We wouldn’t make students use textbooks from the 1940’s…

The AJC has an article online titled “Population shifts mean big changes for schools”. It gives a good overview of how population shifts cause turmoil and frustration for families that are forced into school redistricting. As I read the article one thought kept going through my mind: Why does the public school system still tell people where their children should go based upon their street address?

Think about it. Geographic school districting has been done since before I was born, but is it really the best way to educate children? Wouldn’t it be better if families could determine which school was best for their children based on a case by case basis? Why does the school system tell a family in a horrible school system that they should attend horrible schools? Why does a family that paid a premium price to buy a home in a great school district have to accept a redistricting based on the decision of a bureaucrat 30 miles away? Why do two families across the street from each other have to send their children to different schools?

North Fulton schools will be redistricted this year and I don’t expect any change in the way that process is handled at this late stage. I also think that the Fulton County School System is trying to do the best they can under the system that is imposed on them by legislation. But it doesn’t have to be this way and I submit to you that it shouldn’t.

The way we educate our children has changed a great deal since the 1940’s. Calculators have replaced slide rules. Computers have replaced encyclopedias. The textbooks now include the Civil Rights movement and the election of our first black president. We have come a long way.

But back in the 1940’s school systems told students which school to attend based on their address and they still cling to that same method. We wouldn’t make students use textbooks from the 1940’s… why do we still use a 1940’s method to determine which school they will attend?

2 thoughts on “We wouldn’t make students use textbooks from the 1940’s…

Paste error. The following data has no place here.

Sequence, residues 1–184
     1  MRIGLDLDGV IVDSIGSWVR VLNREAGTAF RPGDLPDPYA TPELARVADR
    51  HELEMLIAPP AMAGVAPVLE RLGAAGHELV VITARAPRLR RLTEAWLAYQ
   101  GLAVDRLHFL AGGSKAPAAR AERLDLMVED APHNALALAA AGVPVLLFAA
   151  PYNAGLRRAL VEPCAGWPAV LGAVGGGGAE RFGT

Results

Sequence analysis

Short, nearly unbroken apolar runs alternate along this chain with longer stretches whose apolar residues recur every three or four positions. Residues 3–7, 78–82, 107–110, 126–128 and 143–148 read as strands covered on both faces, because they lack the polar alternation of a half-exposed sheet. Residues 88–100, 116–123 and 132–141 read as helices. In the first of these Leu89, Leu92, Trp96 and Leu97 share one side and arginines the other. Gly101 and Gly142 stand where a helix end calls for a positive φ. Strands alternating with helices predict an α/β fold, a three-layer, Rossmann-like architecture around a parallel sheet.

1. This is one reason why you see the charter school and homeschooling movements gaining momentum.

    Homeschooling is no longer the 70’s hippies communal schooling. You can do it all at home, bring in tutors, utilize local classes, or do it all online. Even the state has jumped on the bandwagon with GA Virtual School. There are “hybrid” schools where the student attends classes anywhere from one to four times a week to receive instruction and homework, then the parent manages the workload at home.

    There are so many options available, especially in the Atlanta area, that if there is a will, there is a way. I believe it all stems from the American independent and innovative spirit to find solutions to our own problems. It’s the free market at work.

    Monoliths tend to be inflexible. The system is cracking under its own weight and will continue to do so until there is more real local control.

    As to the current redistricting issue, I hope they come to their senses. The middle school is organized by north/south and the high school by east/west. The Crabapple plans to restrict traffic are going on just as we are bringing in the Roswell population. What about all the high density planned for west Alpharetta that will crowd the schools? What were they thinking?

    If the schools begin to decline as a result of this, no one is going to want to pay these high Fulton taxes for nothing. Then west Alpharetta will continue to deteriorate.

  2. Meant to say middle school is east/west and high school by north/south.

    Imagine having one child at Northwestern and another at Bethany Bend, and having to drop offs or pick ups at both, or coordinate after-school activities.


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